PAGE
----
Of course, I (and I'm assuming Lawrence as well, given Phillips & Pearl 2012) was completely sympathetic to the criticism in section 2.3 about how phonemes aren't the right unit of perception for the initial stages of word segmentation. They may be quite appropriate if you're talking about 10-month-olds, though - of course, at that point, infants probably have a much better proto-lexicon, not to mention other cues (e.g., word stress). I was a little less clear about the criticism (of Johnson & Goldwater) about using collocations as a level of representation.  Even though this doesn't necessarily connect to adult knowledge of grammatical categories and phrases, there doesn't seem anything inherently wrong with assuming infants initially learn chunks that span categories and phrases, like "thatsa" or "couldI". They would have to fix them later, but that doesn't seem unreasonable.

One nice aspect of the Lignos strategy is that it's incremental, rather than a batch algorithm.  However, I think it's more a modeling decision rather than an empirical fact to not allow memory of recent utterances to affect the segmentation of the current utterance (section 3 Intro).  It may well turn out to be right, but it's not obviously true at this point that this is how kids are constrained.  On a related note, the implementation of considering multiple segmentations seems a bit more memory-intensive, so what's the principled reason for allowing memory for that but not allowing memory for recent utterances? Conceptually, I understand the motivation for wanting to explore multiple segmentations (and I think it's a good idea - I'm actually not sure why the algorithm here is limited to 2) - I'm just not sure it's quite fair to criticize other models for essentially allowing more memory for one thing when the model here allows more memory for another.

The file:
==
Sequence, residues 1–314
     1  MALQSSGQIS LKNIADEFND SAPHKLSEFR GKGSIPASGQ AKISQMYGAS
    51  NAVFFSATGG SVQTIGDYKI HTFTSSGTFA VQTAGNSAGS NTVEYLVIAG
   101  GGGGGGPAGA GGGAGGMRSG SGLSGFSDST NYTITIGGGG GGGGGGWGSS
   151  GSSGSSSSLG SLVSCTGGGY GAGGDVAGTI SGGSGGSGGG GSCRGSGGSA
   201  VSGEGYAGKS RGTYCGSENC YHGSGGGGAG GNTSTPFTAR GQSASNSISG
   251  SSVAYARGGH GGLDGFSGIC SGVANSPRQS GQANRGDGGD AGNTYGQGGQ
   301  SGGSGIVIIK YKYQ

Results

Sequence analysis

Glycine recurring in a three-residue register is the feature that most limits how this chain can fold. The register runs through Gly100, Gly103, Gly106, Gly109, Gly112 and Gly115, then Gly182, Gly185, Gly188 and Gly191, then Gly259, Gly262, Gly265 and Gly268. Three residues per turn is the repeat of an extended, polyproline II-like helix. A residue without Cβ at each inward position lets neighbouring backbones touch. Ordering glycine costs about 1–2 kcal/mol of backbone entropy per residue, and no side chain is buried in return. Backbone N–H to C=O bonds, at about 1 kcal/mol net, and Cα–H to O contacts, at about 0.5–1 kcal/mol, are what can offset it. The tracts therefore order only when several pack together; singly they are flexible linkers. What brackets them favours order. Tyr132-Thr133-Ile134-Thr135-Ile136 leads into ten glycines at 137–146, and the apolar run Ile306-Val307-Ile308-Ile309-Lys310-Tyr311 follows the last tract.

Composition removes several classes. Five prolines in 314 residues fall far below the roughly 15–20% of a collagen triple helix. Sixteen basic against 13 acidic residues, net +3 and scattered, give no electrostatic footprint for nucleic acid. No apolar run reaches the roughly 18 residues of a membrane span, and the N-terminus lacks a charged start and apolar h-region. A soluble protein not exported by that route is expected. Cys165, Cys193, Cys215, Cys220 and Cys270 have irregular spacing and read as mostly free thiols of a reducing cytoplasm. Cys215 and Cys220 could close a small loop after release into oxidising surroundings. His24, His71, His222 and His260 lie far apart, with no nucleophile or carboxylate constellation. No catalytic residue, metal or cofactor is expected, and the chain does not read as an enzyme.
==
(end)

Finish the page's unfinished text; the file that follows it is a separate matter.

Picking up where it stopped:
I was a little confused about how the greedy subtractive segmentation worked in section 3.2.  At first, I thought it was an incremental greedy thing - so if your utterance was "syl1 syl2 syl3", you would start with "syl1" and see if that's in your lexicon; if not, try "syl1 syl2", and so on. But this wouldn't run into ambiguity then: "...whenever multiple words in the lexicon could be subtracted from an utterance, the entry with the highest score will be deterministically used". So something else must be meant. Later on when the beam search is described, it makes sense that there would be ambiguity - but I thought ambiguity was supposed to be present even without multiple hypotheses being considered.